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Uptake and toxicity of copper oxide nanoparticles in cultured primary brain astrocytes
Link to Journal Abstract
To test for consequences of an exposure of brain cells to copper oxide nanoparticles (CuO-NPs), we synthesised and characterised dimercaptosuccinate-coated CuO-NPs. These particles had a diameter of around 5 nm as determined by transmission electron microscopy, while their average hydrodynamic diameter in aqueous dispersion was 136 ± 4 nm. Dispersion in cell-culture medium containing 10% fetal calf serum increased the hydrodynamic diameter to 178 ± 12 nm and shifted the zeta potential of the particles from –49 ± 7 mV (in water) to –10 ± 3 mV. Exposure of cultured primary brain astrocytes to CuO-NPs increased the cellular copper levels and compromised the cell viability in a time-, concentration- and temperature-dependent manner. Application of CuO-NPs in concentrations above 100 µM copper (6.4 µg/ml) severely compromised the viability of the cells, as demonstrated by a lowered 3-(4,5-dimethylthiazol-2-yl)-2,5-diphenyltetrazolium bromide reduction capacity, a lowered cellular lactate dehydrogenase activity and an increased membrane permeability for the fluorescent dye propidium iodide. Copper internalisation as well as cell toxicity of astrocytes exposed to CuO-NPs were similar to that observed for cells that had been incubated with copper salts. The CuO-NP-induced toxicity was accompanied by an increase in the generation of reactive oxygen species (ROS) in the cells. Both, ROS formation and cell toxicity in CuO-NP-treated astrocytes, were lowered in the presence of the cell-permeable copper chelator tetrathiomolybdate. These data demonstrate that CuO-NPs are taken up by cultured astrocytes and suggest that excess of internalised CuO-NPs cause cell toxicity by accelerating the formation of ROS.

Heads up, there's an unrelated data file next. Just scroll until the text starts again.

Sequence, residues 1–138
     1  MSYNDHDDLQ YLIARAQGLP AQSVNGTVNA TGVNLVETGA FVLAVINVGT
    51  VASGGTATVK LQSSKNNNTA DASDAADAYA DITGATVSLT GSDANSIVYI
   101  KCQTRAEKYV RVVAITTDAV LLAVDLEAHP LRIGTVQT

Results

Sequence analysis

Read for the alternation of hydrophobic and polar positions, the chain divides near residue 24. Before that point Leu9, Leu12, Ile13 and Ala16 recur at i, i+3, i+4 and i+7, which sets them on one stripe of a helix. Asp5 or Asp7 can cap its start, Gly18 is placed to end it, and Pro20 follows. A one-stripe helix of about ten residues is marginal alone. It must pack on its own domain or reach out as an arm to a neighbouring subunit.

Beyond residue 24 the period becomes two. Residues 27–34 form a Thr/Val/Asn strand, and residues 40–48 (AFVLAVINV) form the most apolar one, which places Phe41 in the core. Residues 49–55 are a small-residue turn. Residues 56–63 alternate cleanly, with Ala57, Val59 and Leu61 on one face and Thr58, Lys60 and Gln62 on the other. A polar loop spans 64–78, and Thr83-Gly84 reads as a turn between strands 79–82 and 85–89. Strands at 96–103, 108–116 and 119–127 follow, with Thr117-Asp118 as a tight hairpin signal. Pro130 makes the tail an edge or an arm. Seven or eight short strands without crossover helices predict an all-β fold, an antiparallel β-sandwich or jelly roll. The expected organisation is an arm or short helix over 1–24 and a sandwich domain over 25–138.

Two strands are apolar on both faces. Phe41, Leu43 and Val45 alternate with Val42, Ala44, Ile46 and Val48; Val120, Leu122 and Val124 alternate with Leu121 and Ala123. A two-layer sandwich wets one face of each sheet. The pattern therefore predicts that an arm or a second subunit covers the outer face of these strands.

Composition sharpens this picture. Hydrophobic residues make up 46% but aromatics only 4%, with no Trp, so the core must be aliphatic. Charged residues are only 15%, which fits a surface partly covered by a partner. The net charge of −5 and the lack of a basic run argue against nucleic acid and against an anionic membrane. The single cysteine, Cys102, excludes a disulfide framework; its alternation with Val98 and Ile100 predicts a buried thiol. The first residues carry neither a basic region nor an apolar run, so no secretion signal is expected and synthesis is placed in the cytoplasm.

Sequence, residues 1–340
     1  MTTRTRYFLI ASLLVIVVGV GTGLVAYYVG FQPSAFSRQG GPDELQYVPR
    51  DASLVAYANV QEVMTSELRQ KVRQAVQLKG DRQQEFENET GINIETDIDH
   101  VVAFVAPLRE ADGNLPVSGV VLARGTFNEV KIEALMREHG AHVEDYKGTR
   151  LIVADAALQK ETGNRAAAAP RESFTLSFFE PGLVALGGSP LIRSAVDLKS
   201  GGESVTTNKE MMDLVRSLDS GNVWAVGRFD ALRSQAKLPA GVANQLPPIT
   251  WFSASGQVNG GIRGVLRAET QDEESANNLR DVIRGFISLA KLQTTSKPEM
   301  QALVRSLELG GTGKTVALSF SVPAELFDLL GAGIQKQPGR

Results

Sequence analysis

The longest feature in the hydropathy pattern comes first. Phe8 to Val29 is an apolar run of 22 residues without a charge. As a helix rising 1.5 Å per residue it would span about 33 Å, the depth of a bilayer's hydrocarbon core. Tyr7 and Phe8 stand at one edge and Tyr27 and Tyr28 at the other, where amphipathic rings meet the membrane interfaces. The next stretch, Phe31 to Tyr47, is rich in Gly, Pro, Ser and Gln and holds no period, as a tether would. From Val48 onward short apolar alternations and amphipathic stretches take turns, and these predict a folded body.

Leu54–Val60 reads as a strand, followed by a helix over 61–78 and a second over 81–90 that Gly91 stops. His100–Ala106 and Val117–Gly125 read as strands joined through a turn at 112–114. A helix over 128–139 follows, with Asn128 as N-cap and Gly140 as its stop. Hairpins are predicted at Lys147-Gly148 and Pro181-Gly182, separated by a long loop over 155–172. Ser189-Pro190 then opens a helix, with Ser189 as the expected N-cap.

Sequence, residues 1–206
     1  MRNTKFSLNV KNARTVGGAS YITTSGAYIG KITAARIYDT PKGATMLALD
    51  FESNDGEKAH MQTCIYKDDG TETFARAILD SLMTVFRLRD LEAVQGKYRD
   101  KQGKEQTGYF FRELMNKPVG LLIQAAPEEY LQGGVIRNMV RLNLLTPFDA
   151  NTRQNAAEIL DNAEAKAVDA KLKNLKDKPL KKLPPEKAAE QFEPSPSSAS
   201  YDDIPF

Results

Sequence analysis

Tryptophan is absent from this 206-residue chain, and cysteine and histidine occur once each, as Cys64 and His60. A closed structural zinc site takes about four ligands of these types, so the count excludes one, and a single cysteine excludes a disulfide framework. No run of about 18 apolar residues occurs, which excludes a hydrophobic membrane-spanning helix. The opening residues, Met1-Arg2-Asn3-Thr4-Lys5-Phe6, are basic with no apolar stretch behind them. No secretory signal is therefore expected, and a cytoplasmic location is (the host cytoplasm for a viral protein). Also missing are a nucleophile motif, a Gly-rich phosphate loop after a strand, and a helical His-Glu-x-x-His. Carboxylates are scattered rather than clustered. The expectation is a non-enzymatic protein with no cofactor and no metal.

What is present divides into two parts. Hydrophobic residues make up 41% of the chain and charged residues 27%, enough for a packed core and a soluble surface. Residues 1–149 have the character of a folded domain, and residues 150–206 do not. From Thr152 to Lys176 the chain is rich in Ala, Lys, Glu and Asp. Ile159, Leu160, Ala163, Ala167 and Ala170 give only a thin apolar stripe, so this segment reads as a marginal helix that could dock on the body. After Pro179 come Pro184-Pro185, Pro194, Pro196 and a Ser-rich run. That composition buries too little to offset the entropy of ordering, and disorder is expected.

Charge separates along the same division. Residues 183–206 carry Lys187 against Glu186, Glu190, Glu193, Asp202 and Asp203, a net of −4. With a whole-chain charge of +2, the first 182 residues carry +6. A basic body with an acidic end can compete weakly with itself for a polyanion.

For this study, the authors synthesised and characterised dimercaptosuccinate-coated CuO-NPs
to test for consequences of an exposure of brain cells to copper oxide nanoparticles (CuO-NPs).
Peer Reviewed Journal Article
Exposure Or Hazard Target
Method Of Study
Risk Exposure Group
Nanotoxicology, 2014, 8(7): 775-785
Bulcke F, Thiel K, Dringen R
Last updated on December 18, 2013
This work is supported in part by the Nanoscale Science and Engineering Initiative of the National Science Foundation
under NSF Award Number EEC-0118007.
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